Rep. Bobby Dubose, a Fort Lauderdale Democrat, was one of five legislators who wrote to Gov. Rick Scott and the Florida Agency of Health Care Administration on Friday asking them to waive the monthly KidCare premium for families who are financially stressed from Hurricane Irma.
They argued that because there is an estimated 185,000 low-income kids who get the state-subsidized insurance in 48 counties under the federal disaster declaration, and because more than 9,000 of them dropped out of the program in October because of non-payment -- more than twice the monthly average -- the impact of the hurricane is exacerbating the decline in coverage.
Democrats want the state to seek a federal waiver to allow Florida taxpayers to cover the $20 in premiums for the months of October and November for the families on state-subsidized insurance in the hurricane-affected counties. The cost to the state is estimated at $240,000. Federal funds would cover the rest, an estimated $6.1 million.
But their request was met with silence from both the governor and state agency.
So on Tuesday, Dubose put the agency’s deputy secretary Beth Kidder on the spot before the full House Committee on Health and Human Services.
“I’ve been trying to get an answer -- right up until before this committee meeting,″ Dubose asked Kidder, who serves on the Florida Healthy Kids board,which oversees KidCare.
“Will you be voting on this or calling for the vote and basically tell me your position regarding my request?”
Kidder for the first time confirmed that the issue would come before the board at its Thursday meeting -- at the request of AHCA Secretary Justin Senior --but she would not offer her opinion on whether or not she supports the request.
“I’m a board member. I’ll listen to the debate and make my vote accordingly,″ she told Dubose.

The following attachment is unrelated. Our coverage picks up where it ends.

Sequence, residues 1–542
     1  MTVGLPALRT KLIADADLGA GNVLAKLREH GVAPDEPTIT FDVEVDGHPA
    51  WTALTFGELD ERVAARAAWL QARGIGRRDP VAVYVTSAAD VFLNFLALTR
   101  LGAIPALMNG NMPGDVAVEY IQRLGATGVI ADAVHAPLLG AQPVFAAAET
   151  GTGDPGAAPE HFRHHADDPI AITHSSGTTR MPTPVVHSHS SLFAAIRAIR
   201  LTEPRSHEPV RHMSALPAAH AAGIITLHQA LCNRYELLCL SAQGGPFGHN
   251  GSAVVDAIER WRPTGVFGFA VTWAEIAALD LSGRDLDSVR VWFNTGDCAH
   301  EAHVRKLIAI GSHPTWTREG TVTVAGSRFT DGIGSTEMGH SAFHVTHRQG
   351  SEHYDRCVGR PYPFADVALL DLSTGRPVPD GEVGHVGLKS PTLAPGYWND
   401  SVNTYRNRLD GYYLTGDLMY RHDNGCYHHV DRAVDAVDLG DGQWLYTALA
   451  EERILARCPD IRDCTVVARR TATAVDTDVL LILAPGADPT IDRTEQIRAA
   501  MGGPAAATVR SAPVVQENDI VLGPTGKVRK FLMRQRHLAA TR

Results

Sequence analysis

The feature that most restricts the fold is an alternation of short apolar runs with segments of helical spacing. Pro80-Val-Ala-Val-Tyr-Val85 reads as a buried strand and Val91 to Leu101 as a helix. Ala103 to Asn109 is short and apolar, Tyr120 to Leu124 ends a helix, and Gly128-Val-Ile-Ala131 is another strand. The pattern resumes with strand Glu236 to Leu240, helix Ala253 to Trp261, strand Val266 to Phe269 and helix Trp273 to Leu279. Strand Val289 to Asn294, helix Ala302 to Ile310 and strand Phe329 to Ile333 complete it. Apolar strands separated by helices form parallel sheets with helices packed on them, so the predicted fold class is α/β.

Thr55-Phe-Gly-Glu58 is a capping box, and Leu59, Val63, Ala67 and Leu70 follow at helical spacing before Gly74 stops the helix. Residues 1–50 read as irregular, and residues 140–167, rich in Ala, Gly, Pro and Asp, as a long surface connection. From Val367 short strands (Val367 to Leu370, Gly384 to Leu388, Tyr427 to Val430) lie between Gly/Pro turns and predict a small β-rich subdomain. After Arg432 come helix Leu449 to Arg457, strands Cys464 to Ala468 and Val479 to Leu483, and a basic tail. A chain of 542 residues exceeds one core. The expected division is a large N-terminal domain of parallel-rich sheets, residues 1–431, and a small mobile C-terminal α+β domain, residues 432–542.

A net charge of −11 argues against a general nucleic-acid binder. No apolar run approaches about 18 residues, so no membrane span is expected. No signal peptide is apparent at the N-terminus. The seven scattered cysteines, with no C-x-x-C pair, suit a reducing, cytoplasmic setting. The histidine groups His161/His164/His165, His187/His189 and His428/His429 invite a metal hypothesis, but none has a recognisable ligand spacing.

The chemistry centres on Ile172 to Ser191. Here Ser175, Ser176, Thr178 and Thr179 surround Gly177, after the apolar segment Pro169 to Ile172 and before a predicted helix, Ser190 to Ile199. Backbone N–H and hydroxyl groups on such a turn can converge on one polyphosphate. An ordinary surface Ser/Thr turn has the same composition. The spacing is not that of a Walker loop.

If the agency has any interest in pursuing the waiver, they won’t say.
For the past month, children’s advocates have urged the state-run KidCare health insurance program to seek a waiver, as Texas did after Hurricane Harvey, to help families that lost homes or faced financial losses in the wake of Hurricane Irma.
But rather than seek the waiver, Florida officials have instead offered to extend the deadline for October and November payments until Oct. 31. In the face of the deadline extension, however, more than 4,000 families failed to make their payments in October.
Meeting with reporters after the meeting, Kidder said they will need “additional authority” to pursue the waiver because of the fiscal impact. She said that because “the vast majority of families” have paid their monthly premium, the question is: “would you refund those payments?”
“Do you then reward people who dragged their heels, didn’t do it?″ she asked. “Thousands of families don’t pay every month -- regardless of a storm or not. We can’t distinguish which one of those who can’t or won’t pay that month, or drop it and seek other coverage, have other priorities...and those who have a storm impact.”
She said one of the questions the Healthy Kids Board will ask is: “Why would you give a freebee to those who did not act responsibly in the beginning?”
Dubose said Kidder’s response is part of a pattern -- a reluctance by state officials to help the state’s neediest -- and an assumption that a helping hand for the most vulnerable is perceived as unfair.
“Here’s what bothers me about all of this,″ he said. “We’re talking about the most vulnerable population, low income folks.”
When a storm hits, the average person may have some inconveniences” but when a family on fixed incomes loses power and groceries and has to spend any extra income on preparing or recovering from the storm, they struggle to recover,″ he said.
“For folks at or below the poverty line, it takes month for them to get stable,″ Dubose said. “We’re talking about being fair and equitable, but things aren’t necessarily fair within this situation.”
Healthy Kids CEO Rebecca Matthews confirmed late Tuesday that more than 9,000 families dropped out of KidCare programs in the 48 counties in the month of October but “there is no way to know how many Florida KidCare families may have been directly impacted by Hurricane Irma,″ she said.
“New families enroll and others choose to leave the program each month for a variety of reasons (e.g., historical decline in enrollment during last quarter of the calendar year, parents move to employer coverage, move out of state, opt for private coverage, age out of the program, etc.)”